I’ve once heard that the process of making art and creating something new is a curve with the shape of the letter ‘U’ — you start high with some good ideas and expectations; everything goes very well until we find our first challenge and make decisions to sort it out. Then we start to feel that we've overworked things and they’re taking a bad turn. This is where we are at the very bottom of the ‘U’.
But if we keep it working, shutting down our inner critics when it’s not helping, and just giving out the best of us, we’ll eventually elevate what we’re doing to the next peak of the ‘U’. Our search will succeed. It’s absolutely natural to screw things up a little bit before we can succeed. The key is to overcome the hardest moments of the creative process, and I've found that this is easier if you are having fun creating.
This is exactly how I feel sometimes about the creative process, and there is nothing more satisfying than overcoming all the difficulties and coming out with a piece that you love and feel proud of. In the end, the balance is always positive because no matter what happens, you’ll always come out of that process learning new valuable things.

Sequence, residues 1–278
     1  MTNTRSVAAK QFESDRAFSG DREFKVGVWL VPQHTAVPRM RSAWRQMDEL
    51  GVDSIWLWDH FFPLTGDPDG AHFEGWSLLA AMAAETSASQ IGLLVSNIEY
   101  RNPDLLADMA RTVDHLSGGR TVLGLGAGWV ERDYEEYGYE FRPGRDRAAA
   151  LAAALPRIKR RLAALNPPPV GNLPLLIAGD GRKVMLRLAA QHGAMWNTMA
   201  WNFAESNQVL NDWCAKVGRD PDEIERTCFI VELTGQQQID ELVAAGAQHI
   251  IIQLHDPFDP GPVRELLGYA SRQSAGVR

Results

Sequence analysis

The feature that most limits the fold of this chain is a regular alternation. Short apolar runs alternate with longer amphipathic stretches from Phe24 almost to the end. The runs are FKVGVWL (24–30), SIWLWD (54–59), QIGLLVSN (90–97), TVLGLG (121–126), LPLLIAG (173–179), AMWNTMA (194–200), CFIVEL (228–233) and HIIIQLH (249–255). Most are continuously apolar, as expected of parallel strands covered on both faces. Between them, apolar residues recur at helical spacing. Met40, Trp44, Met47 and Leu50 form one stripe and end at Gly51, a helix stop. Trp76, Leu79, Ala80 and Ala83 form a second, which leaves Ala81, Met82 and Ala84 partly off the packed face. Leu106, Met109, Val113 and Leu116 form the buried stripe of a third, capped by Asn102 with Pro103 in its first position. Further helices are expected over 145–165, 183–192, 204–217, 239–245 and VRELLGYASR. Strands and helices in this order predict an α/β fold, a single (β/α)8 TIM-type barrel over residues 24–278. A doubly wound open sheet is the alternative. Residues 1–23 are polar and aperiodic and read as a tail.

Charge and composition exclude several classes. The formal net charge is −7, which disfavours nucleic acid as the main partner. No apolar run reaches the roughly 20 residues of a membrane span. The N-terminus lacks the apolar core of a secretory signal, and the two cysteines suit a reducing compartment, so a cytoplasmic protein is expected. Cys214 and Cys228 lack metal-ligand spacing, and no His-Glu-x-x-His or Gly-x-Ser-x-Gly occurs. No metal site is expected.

Who are your biggest influences?
Anything that I feel connected with could be a good influence for me. The list of influences would then be quite long. But the most important are the ones that had always been present since the very beginning; the ones that made me want to sit down and try to be better everyday. So I have to mention here the works of Hieronymus Bosch, Salvador Dalí, Rene Magritte, Moebius, Charles Burns, and a plethora of digital artists whose work I follow online.
[I am also inspired by] loads of sci-fi literature. [They are] always present, at least behind the concepts I explore: Isaac Asimov’s Foundation, Frank Herbert’s Dune, Cixin Liu’s Three-Body Problem saga — just to mention the ones I’ve enjoyed the most. I like to make some time to feed my imagination with new art shows, books, and music. I love and enjoy graphic novels.
Hopefully this list will keep growing and evolving as I continue discovering and learning new stuff.
Your landscapes are so vivid and unique. You seem to build them off different sources — from historical landmarks to surreal and dreamlike visions; and other times, you mix both concepts. Which fictional or real-life spaces ignite your imagination the most?
Thanks! I like to travel, and I feel so good while I’m doing it. I keep my eyes wide open and fill all my senses with new and unknown colors, shapes, aromas, and sounds. Everything about it makes me feel more alive.